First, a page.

Philip Janze produced masterpieces of Northwest Coast Art in the Gitksan tradition of his grandmother, for more than thirty years. His mediums include wood, silkscreen prints, silver and the most alluring of metals – gold.
He began working in metal after he watched Stanley George hammer out and carved silver coins in Bella Bella in 1963. The first pieces Philip produced were engravings of Seine Boats that were tied up at the Bella Bella docks complete with the boat’s names. Philip was paid ten dollars for each coin he produced in those days.
In the years following his graduation from BCIT in 1970, Philip became serious about exploring his talents for jewelry and sought out the help of experts in the field. Though he never directly apprenticed under anyone, he spent many hours with jewelers who provided him with advice, encouragement, and support.
Philip had already been producing many quality pieces when he was invited to participate in the jewelry program organized by the Haida artist, Bill Reid and coordinated by Peter Page of the Goldsmith’s Hall of London, England. Here Philip, as well as learning specific techniques of gold jewelry from Peter, also interacted with other noted Northwest Coast artists who inspired Philip and in turn were inspired by him. The three-month program was a turning point for Philip. He not only able to envisage his delicate and intricate pieces, but he was fully capable of creating them.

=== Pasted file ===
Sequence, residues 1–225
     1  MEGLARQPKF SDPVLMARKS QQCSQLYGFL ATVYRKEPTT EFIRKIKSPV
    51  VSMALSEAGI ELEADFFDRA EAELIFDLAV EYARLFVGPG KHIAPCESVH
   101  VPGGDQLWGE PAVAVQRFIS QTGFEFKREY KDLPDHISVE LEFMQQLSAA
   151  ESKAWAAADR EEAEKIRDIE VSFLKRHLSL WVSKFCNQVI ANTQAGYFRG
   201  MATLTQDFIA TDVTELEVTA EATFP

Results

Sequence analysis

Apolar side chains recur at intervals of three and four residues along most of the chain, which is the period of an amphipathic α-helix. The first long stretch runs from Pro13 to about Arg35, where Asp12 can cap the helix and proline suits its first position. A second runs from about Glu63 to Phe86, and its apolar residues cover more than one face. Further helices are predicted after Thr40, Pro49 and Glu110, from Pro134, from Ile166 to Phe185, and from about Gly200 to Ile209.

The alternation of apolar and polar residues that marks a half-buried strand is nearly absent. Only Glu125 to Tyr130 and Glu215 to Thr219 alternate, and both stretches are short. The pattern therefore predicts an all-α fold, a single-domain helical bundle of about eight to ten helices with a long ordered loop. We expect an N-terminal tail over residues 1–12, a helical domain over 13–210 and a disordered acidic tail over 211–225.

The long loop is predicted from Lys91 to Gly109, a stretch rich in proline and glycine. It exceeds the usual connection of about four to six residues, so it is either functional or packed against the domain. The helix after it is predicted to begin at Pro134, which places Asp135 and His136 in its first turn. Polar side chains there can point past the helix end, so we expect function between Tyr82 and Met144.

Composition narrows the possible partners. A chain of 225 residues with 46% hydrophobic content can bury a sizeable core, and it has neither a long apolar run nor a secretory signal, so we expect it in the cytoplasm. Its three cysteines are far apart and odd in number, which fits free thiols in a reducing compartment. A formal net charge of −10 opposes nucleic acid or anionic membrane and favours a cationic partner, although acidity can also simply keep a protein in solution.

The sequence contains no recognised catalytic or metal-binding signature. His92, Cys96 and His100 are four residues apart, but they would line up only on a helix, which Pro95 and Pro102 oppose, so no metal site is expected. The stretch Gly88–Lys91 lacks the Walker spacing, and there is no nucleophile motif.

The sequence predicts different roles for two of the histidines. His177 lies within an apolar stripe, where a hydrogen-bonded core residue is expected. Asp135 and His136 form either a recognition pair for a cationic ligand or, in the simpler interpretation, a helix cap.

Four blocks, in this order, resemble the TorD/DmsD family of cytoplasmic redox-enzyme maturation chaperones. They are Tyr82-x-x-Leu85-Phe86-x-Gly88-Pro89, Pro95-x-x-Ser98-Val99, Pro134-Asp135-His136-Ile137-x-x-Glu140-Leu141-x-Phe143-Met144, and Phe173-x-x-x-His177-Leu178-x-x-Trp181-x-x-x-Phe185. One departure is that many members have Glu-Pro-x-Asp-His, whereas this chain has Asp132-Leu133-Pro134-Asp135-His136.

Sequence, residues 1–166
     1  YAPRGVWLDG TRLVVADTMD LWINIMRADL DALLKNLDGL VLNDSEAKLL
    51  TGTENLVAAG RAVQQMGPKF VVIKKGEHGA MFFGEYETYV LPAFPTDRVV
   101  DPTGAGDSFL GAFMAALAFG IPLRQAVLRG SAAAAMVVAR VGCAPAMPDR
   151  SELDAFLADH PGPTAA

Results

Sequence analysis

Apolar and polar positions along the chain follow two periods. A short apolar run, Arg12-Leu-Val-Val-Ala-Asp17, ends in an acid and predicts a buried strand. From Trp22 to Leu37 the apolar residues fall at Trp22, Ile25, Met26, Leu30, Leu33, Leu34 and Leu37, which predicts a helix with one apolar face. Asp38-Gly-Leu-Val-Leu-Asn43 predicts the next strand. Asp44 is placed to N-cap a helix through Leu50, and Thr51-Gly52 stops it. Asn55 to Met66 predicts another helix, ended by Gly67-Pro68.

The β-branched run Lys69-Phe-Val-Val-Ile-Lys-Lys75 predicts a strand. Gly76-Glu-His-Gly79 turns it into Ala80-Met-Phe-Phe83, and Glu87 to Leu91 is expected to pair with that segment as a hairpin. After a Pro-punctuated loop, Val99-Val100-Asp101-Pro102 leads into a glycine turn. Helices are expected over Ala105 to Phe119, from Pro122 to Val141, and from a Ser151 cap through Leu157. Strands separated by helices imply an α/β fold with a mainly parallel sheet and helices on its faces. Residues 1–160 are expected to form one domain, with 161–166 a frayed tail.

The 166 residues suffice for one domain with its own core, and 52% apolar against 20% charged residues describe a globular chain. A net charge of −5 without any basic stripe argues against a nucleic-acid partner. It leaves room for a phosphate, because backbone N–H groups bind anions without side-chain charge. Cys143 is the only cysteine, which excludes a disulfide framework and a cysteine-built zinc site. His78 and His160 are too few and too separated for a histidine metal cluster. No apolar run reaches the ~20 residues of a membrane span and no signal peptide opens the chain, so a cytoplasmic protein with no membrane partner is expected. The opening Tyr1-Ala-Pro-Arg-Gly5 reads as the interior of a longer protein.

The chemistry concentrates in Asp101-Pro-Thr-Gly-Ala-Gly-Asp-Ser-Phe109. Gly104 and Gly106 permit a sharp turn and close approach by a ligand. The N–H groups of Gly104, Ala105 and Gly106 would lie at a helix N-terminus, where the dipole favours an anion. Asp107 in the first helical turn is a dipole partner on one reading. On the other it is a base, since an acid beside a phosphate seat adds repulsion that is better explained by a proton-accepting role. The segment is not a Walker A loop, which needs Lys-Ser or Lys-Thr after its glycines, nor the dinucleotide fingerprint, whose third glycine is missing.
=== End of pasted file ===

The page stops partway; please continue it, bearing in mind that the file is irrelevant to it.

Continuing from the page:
The ensuing years have seen Philip recognized by the Canadian Jewelers Challenge on two occasions, 1982 and 1984 for creating one of the six finest jewelry pieces in Canada. He also won top prize from the Indian and Northern Affairs Canada purchase show for his Crab Brooch. The stunning beauty of this piece only confirms Philip’s mastery of his medium. Philip was recognized the world over for his elegant and thought provoking works of art. He is represented in public and corporate collections in Canada, the United States of America, Germany, and Japan. His art is in many of the most renowned private collections around the world. He is acknowledged as a master of Northwest Coast Art.
Philip did many commissions for both Corporate and private sponsors. He felt that when he created a piece for an individual he wanted “to be able to pluck their strings”. He took his time with the pieces so he could create a deep emotion for the recipient.
The results have never disappointed. In November 2002, Coastal Peoples Fine Arts Gallery was fortunate to have Phil contribute a Mosquito Headdress in collaboration with Walter Harris for our much-anticipated show Storyteller: Oral Tradition of the Northwest Coast.